Although quite short by modern standards, Pretoria Country Club’s course has stood the test of time, writes MARK SAMPSON in Compleat Golfer.
What makes a course great? It is an age-old question that, a bit like ‘What is a true links course?’, seldom ends in a conclusive answer.
The layout and flow, linked to location, are always a big plus factor. A beautiful location doesn’t necessarily mean a beautiful course, as conditioning also influences playability and enjoyment.
It could be a course where one scores well, as everyone has their favourite. Others would argue the 19th hole and atmosphere are high on the list of importance.
When driving away, the experience, from arrival to departure, course layout, conditioning, staff and anything in between are what will leave a positive or negative memory.
Pretoria Country Club is one such place: stories abound of its greatness, on and off the course. Its timeless layout, although not that long, has shown up a few seasoned pros.
Its long list of members, many of whom would also be at the top of most VIP lists, alludes to its popularity and status in the golfing fraternity.
Tucked away in the upmarket suburb of Waterkloof, Pretoria CC’s history is long and convoluted. In 1909 the land owner, Julius Jeppe, who owned a ‘shooting lodge’, as it was known then, decided that a country club with a golf course was needed in the area.
A meeting at the town hall was called and the formation of a country club proposed. It needed 300 citizens to sign up as founding members for it to go ahead. Suffice to say, in excess of that number signed up, and Pretoria Country Club, or as members refer to it, ‘Country Club’, began.
The course was initially designed by a British professional golfer Clarrie Moore, but was given its shape by golf architect Bob Grimsdell in 1948. It stretches 6 202m with large bent-grass greens and kikuyu fairways; a traditional parkland layout with massive trees shaping the majority of the fairways.
The course had a facelift in 2004-05 by the Gary Player Design Group, who added bunkers and resculpted others. The aim of the exercise was to add some teeth to the layout, which it did, but unfortunately it also left a number of members a bit disgruntled.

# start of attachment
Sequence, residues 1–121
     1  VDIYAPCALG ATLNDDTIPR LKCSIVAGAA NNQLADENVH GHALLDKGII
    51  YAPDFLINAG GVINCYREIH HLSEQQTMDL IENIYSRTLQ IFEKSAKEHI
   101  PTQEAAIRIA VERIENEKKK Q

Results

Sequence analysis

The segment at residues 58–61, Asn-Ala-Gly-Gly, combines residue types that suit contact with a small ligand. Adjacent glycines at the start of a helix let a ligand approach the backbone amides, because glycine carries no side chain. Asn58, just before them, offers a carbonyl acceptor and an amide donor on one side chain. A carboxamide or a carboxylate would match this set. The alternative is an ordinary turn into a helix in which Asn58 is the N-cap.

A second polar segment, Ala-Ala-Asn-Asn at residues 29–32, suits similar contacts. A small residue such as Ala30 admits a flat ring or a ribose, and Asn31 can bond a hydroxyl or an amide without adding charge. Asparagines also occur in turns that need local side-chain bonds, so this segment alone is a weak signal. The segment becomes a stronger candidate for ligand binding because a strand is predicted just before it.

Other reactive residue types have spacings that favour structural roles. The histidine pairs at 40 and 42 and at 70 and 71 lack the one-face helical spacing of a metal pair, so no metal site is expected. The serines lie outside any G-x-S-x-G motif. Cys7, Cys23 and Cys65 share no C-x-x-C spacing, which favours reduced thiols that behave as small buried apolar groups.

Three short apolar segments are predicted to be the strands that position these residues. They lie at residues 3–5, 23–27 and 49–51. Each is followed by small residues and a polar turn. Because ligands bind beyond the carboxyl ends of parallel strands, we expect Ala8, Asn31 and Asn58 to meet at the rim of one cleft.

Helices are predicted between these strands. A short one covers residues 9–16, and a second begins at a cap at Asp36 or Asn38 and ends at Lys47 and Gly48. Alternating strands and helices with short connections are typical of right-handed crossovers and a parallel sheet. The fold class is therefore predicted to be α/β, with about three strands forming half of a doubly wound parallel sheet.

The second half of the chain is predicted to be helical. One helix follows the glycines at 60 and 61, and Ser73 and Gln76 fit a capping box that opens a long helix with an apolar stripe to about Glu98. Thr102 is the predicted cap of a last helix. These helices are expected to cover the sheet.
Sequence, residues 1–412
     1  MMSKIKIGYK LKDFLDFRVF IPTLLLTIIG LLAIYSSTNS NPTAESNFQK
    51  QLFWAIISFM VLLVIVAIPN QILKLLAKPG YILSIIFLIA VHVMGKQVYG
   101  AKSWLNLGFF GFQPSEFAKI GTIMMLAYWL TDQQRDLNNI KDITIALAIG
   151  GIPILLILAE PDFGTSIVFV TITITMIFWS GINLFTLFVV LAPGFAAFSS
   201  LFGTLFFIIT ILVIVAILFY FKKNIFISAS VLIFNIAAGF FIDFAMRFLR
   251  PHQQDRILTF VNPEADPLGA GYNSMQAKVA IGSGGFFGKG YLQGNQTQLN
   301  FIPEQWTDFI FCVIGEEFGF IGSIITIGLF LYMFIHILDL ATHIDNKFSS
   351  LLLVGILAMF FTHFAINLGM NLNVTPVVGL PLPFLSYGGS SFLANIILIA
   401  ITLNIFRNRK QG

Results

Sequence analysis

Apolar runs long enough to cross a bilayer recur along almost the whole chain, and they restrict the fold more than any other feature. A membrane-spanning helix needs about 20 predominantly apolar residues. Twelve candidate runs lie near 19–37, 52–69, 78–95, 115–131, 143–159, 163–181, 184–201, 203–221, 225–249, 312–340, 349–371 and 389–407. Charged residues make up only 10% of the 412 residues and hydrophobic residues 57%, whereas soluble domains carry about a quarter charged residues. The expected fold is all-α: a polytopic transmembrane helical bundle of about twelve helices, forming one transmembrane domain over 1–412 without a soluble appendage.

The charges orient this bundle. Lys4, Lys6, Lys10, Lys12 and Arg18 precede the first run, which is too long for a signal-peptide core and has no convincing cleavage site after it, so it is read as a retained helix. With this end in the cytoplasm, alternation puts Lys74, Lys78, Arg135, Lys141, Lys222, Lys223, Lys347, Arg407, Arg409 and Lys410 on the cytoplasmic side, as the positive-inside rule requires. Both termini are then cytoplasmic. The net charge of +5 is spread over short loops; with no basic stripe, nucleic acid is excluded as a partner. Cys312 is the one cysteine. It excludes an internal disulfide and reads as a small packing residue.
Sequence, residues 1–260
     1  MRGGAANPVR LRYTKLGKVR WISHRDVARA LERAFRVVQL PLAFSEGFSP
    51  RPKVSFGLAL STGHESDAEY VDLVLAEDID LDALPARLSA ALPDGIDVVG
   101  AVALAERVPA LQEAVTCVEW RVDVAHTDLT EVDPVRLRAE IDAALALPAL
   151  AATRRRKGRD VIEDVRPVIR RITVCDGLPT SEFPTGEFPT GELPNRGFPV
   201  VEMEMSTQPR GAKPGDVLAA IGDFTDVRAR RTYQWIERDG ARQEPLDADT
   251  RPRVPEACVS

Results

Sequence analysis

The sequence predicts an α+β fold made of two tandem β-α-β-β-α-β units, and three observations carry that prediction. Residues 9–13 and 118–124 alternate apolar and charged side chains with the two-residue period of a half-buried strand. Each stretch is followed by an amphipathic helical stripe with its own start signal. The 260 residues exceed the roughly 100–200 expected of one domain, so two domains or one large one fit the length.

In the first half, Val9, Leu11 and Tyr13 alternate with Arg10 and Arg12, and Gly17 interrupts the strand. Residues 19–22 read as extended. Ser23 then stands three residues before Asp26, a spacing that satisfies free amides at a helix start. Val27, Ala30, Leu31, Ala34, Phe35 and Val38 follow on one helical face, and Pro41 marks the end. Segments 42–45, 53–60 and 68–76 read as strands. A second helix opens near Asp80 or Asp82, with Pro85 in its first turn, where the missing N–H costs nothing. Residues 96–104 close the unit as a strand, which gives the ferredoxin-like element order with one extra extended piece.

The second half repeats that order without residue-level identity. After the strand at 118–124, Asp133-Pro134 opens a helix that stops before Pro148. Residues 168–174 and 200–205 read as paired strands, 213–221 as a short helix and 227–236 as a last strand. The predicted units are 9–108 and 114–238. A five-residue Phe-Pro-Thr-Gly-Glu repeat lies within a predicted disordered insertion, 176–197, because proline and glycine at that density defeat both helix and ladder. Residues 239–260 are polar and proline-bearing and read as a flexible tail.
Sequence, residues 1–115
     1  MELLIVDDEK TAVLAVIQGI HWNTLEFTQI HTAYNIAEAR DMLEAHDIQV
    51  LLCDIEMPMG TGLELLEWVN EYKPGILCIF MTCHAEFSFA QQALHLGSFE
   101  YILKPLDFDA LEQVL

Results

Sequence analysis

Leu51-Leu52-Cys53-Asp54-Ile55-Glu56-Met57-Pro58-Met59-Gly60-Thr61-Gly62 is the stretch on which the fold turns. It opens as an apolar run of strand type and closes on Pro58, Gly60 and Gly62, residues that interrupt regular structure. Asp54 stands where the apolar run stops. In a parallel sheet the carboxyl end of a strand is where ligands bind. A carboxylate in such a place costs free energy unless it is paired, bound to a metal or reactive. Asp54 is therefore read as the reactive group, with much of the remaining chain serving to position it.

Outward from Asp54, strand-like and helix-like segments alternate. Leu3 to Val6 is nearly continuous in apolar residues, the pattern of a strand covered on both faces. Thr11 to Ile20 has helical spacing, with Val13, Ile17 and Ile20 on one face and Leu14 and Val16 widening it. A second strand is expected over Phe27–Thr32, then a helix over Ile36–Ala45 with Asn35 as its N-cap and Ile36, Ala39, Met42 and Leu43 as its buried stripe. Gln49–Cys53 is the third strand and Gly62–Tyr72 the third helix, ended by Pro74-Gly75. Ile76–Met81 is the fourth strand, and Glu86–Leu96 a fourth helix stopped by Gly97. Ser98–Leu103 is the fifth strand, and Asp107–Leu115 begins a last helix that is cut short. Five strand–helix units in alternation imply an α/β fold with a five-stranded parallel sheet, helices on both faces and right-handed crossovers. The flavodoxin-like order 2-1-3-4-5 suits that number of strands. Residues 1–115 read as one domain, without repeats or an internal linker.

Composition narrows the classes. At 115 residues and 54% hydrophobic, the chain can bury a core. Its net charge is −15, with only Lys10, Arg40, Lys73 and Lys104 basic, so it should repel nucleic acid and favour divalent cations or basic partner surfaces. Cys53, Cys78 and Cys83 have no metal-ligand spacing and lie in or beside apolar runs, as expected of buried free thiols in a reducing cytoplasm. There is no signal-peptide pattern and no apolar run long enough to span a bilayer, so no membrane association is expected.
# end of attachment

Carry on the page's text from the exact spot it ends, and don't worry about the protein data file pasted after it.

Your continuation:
Close to 10 years on, DDV Design restored a more amicable balance, with some bunkers being filled in and others restored to a normal hazard – and not one where Monday school players were lost forever.
Essentially, what is left, is a strong layout with numerous factors inhibiting scoring. Accuracy off the tees is a necessity, otherwise you can expect to be playing out sideways between the trees. The bunkers, which are generally deep pots, are to be avoided, especially as they have a lot of soft sand, which can take some getting used to. The final facet to its armoury is relatively large greens, which, under tournament conditions, can be very fast (11.4 feet for the Tshwane Open, but ordinarily 9.5 feet).
The front nine starts with a strong 386m par four which winds its way through the trees. A number of bunkers in the landing area and two greenside contribute to this stroke two’s difficulty. The 2nd is a much shorter par four at only 327m, where the driver is best left in the bag. Although short, the dogleg left and numerous bunkers on the corner and surrounding the green need negotiating.
The 3rd is another strong par four of 367m, rated four. Although relatively straight, two well-placed bunkers on either side of the fairway are like two bullies eyeing you from afar. Avoiding the greenside water hazard and bunkers can also prove difficult with a medium to short iron. The 4th is a par five and the first genuine chance of a birdie for the longer hitters as its 459m can be covered in two shots. A water hazard up the right side of the landing area is this hole’s protection. If laying up, avoid the bunker short and another water hazard right of the green.